It’s safe to say that there’s no one in Hollywood like Kate Beckinsale—an English rose plucked from the damp and loamy soil of ye olde England and now thriving among the succulents on the sun-basted hillsides of Hollywood. Kate Beckinsale is an icon whose every move is watched by millions.



If on a whim she decides to stick googly eyes on her cat (as well as herself) it causes a social media riot. What she appears to be on the surface: a vivacious bombshell with a wicked sense of humor—is only a smidgeon of the story. Her petals cover steel. Versatile and hardworking, she’s a real, bonafide movie star, able to bring the glamor of Ava Gardner for Martin Scorsese in The Aviator as ably as she garners awards for playing a working class mother in the harrowing British drama Farming. Personable and polite, caring and concerned, she’s a star but not a diva. Rather, she’s an extremely private person who has built up an inescapable public persona, and is very aware of the paradox.


At time of writing, Kate Beckinsale has 5.3 million followers on Instagram. This level of audience participation is perhaps our modern day equivalent of the hysteria of the star system of Hollywood’s misty past. In the 1930s, at the height of her fame, Shirley Temple’s Fanclub only had 3.8 million members. Fans used to send thousands of letters a week to the studios demanding their favorite actresses get bigger parts—it was called ‘boosting.’ Studio boss David O. Selznick would have these fan letters scanned in case he had missed any potential stars on his roster.



After a particular hit film in 1928, a young Joan Crawford attempted to personally reply to every one of her thousands of letters. Today, fans and stans alike can tweet, critique, and comment as much as they like without ever licking a stamp. Tangoing with Hollywood dreams in the 21st century, 2022 sees Kate Beckinsale herself regularly reading and responding to her fans—with dazzling wit and alacrity. We discuss this complex form of engagement, some of on her memorable roles, and the weird questions one is asked as a woman is Hollywood, in a meandering conversation one Friday evening in April, as the breezes kicked up and summer commenced its foreplay here in Southern California.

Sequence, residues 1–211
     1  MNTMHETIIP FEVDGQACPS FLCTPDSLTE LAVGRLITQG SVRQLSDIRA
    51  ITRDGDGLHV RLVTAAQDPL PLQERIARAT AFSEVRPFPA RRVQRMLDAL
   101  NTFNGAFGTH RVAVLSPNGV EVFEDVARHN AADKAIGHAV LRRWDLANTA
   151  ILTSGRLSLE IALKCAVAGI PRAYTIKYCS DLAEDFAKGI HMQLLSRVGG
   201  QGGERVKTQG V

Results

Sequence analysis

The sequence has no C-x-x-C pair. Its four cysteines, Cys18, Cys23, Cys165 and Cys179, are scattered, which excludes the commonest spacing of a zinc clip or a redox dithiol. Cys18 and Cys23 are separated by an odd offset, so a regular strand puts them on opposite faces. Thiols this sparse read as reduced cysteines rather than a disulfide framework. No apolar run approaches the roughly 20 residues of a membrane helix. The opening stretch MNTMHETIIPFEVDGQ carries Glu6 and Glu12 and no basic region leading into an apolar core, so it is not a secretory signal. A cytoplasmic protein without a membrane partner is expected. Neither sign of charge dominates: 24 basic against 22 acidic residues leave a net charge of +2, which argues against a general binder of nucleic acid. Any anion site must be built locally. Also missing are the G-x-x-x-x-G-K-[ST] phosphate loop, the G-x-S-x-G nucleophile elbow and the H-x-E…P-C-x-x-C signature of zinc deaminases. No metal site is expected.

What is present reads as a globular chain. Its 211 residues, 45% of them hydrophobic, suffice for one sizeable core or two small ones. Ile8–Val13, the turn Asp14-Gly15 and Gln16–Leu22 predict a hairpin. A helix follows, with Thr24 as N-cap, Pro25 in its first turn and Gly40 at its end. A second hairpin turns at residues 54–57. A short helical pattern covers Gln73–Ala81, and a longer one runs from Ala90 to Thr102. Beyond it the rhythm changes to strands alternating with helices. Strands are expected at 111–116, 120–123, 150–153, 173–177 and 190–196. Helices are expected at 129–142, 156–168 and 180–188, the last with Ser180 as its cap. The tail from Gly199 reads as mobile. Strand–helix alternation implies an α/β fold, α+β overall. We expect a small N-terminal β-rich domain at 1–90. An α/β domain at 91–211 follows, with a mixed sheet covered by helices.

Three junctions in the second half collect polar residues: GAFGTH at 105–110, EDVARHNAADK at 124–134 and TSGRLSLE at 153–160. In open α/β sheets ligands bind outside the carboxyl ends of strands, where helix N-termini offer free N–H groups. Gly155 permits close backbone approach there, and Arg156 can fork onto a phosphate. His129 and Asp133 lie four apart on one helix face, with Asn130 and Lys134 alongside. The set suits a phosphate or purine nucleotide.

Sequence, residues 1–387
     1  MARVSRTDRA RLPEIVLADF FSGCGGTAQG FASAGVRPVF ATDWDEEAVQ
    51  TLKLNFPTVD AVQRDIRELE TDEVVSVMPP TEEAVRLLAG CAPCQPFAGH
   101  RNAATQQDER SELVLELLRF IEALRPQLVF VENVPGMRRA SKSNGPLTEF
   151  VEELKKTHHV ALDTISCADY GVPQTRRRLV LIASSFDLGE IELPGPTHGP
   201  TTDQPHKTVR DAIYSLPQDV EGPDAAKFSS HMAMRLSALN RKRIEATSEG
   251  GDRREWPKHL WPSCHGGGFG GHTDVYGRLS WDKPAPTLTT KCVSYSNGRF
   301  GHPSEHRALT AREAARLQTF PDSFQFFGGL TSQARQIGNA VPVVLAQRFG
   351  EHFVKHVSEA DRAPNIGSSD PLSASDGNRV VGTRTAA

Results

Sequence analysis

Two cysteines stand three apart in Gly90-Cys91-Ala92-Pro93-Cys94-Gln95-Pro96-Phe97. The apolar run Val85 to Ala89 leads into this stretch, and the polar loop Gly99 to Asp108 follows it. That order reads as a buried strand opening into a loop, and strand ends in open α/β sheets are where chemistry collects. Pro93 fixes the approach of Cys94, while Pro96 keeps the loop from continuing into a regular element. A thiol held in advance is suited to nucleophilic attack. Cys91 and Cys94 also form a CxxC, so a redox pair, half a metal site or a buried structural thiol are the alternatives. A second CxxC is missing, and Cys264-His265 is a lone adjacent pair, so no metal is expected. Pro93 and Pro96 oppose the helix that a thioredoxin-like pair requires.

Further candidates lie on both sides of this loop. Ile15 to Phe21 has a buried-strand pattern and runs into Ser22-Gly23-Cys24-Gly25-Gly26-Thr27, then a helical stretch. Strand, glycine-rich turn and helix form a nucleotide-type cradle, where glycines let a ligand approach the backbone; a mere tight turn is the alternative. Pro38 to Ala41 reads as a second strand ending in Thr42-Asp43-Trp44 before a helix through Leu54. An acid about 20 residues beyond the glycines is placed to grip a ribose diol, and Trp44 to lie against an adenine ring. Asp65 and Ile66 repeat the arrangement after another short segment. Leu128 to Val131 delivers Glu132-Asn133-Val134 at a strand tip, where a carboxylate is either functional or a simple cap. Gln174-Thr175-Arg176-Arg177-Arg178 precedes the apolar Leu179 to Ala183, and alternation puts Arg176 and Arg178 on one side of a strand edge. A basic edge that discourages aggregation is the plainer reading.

Based on your Instagram, you seem to enjoy every single day of your life, and also enjoy sharing that with everyone.Not every single day…What I should say first, is that my Instagram is largely to amuse my mother who is in England. And I know that when she wakes up in the morning, the first thing she’ll do is see what I’ve been up to. If I find something that’s kind of fun, or funny, or cute, it’s largely aimed at my mum. So the fact that other people enjoy it is good, but that’s what it’s mainly for. One of the things I found surprising and refreshing about Instagram is that this is the first time in my whole career that it’s just me, it’s not written by someone else, it’s not edited by someone else.



Have you noticed that each time you make your funny clapbacks to the trolls, entire ‘news’ articles are generated? I respect that you take the time to even reply at all.


We all scroll through, and go, ‘Oh dear, I really don’t like that outfit,’ and then, if we have any manners, we just continue scrolling. I cannot fathom ever saying something nasty. I can imagine thinking, ‘Well, I don’t really like her or his whatever’—sure, we’re not saints. But just to actually go out of one’s way to write something like that… Somebody did one today, on the post about my daughter’s movie. He said, ‘When I saw the trailer, I thought it looked shit.’ And I’m like, ‘How nice of you to feel that we all need to hear your shitty weird opinion.’



You describe yourself as “genuinely a technophobe.” And yet the impact of these posts and exchanges is surreally impactful. Nonetheless, this digital conquest wasn’t planned, right?


I was very late to the table with social media. I had no interest in Instagram at all. I was also very, very wedded to my Nokia flip phone. I had it for an embarrassingly long time. I bypassed the whole BlackBerry era—I didn’t go near it. But then I did Love and Friendship (2016) and it was a small movie, and I loved that movie, and it needed some help [getting out there]. So I reluctantly got Instagram and went to a company that does some quite fancy people’s Instagrams. They said, ‘We do it all for you.’ But that was just not my vibe. I was never doing any of their suggestions—I’m not going to be doing a planned photoshoot in my kitchen for St. Patrick’s Day.